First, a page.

Ross wanted an organic experience of finding the locations in the book, so he didn’t research the hotels and restaurants before his trip. He simply chose the cities he would visit on his journey from Los Angeles to Roanoke, Virginia.
“Once I arrived at a city, I would open up the book, choose the restaurants, hotels and boarding houses,” Ross said. “Then I would put it into my GPS and drive to the places to discover the locations.”
Back in the 1950s, the U.S. interstate highway system was in its infancy. So outside of large cities, most of the locations in the book were in small towns located hours off the main road. Traveling at night on these small roads was dangerous for African-Americans in the 50s and sixties. Ross avoided traveling at night to replicate the journey people took back then.
One of Ross’ first finds was the house of a popular R&B musician in Phoenix, who rented out the back rooms to black travelers. Back then, many of the lodgings in the book were boarding houses owned by middle-class African-Americans.
In El Paso, Texas, for example, African-American travelers stayed in apartments owned by grocers Anderson and Gertrude Winston. They ran their grocery store on the bottom floor and then rented out apartments to travelers on the top floor. Today the store sits abandoned.
Dallas was one of the most difficult places for African-American travelers to find housing. Black celebrities often stayed at the Green Acres Hotel; Ray Charles and Etta James were some of the famous black performers who stayed there.
Over the course of his journey, Ross noticed various trends. Almost all of the restaurants and lodging houses that Ross attempted to visit no longer existed. If it had been a private residence, typically the original owner no longer owned it. Plus, all of the book’s entries were, at the time, located in largely black neighborhoods, a legacy of forced segregation that continues to haunt most cities in the South.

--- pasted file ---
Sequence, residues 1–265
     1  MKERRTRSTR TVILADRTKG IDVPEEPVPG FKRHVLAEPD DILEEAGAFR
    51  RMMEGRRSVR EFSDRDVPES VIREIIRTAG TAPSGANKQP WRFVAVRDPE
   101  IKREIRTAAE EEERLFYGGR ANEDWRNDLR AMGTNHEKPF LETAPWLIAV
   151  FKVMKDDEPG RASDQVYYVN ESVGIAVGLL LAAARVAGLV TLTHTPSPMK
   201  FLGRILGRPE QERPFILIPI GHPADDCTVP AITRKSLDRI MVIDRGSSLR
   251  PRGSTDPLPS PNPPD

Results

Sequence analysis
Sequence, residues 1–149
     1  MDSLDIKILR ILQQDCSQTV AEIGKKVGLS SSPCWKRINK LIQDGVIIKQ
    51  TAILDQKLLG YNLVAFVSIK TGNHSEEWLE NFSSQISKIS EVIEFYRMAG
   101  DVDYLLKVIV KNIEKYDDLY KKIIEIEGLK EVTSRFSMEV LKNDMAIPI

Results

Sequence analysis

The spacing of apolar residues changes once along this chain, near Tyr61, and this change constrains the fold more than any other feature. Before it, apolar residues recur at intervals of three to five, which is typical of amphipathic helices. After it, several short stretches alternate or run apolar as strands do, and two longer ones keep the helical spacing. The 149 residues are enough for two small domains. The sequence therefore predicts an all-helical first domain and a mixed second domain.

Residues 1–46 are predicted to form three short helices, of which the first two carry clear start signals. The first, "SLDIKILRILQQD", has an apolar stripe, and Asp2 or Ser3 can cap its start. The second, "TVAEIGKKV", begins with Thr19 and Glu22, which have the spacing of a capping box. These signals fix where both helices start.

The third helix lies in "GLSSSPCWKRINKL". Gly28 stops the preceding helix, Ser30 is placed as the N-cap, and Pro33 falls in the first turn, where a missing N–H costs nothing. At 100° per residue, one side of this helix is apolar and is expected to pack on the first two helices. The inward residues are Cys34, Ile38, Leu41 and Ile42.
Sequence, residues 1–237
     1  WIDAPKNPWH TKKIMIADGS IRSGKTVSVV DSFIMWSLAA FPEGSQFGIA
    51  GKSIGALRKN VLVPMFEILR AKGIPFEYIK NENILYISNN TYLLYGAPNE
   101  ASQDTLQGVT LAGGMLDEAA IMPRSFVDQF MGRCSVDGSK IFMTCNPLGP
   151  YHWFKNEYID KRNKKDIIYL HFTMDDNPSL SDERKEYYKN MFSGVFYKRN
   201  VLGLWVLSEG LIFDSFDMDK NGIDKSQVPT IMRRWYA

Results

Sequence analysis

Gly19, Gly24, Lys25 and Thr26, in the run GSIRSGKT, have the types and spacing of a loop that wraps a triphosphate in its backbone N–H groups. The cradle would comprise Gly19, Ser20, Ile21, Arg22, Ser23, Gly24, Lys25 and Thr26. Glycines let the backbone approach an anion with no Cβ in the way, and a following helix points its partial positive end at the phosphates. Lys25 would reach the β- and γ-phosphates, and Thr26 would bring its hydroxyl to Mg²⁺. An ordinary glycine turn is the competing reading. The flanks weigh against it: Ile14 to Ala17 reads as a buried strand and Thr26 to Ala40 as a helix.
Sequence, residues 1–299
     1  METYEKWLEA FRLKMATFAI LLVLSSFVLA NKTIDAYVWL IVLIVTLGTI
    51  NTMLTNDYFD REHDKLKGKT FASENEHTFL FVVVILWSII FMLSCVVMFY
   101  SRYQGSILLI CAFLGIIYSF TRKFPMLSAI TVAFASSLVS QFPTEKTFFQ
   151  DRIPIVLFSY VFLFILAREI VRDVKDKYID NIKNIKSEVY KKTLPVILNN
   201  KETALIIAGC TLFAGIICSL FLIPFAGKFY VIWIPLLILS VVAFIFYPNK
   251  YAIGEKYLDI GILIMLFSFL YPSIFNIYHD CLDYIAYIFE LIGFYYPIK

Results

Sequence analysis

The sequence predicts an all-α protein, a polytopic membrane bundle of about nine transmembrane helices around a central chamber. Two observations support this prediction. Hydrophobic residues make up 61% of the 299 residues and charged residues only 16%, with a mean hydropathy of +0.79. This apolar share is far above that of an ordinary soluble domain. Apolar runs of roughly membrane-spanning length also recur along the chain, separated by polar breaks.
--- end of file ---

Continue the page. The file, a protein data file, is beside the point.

“Meridian, Mississippi, reminded me as if the city had a Berlin Wall down the railroad tracks,” Ross said. “As soon as you crossed the railroad tracks, you knew you were in a black community.”
Ross’ modern finds included hotel chains owned by African-American investors and tasty restaurants run by young African-American entrepreneurs. In Dallas, he ate oxtails at the Island Spot, a Caribbean restaurant with two locations. In Shreveport, Louisiana, he drank coffee at the Bon Temps Coffee Bar. His vegan meal at Recipe Oak Cliff in Dallas was a welcome respite from the fried food he ate along his trip.
After traveling more than 2,000 miles from Los Angeles to Birmingham, Alabama, Ross finally found a guidebook destination that still existed — the Green Acres Café, one of the first African-American-owned businesses in Birmingham.
The owner, Greg Gratton, and his family have been involved with the Civil Rights movement in the city for the last 60 years. It’s known for its fried chicken wings, pork chop sandwiches and fried green tomatoes, some of which Ross sampled.
“I swear to god, I was like, ‘Where are you getting this chicken from because it is the best chicken I have ever tasted in my life,'” Ross said.
When Ross finally arrived in Roanoke, Virginia, he had spent more than $1,500 at black-owned gas stations, restaurants and hotels — and gained a hefty 12 pounds. Right now he continues to research locations in the Green-Book for a larger project on its modern day relevance.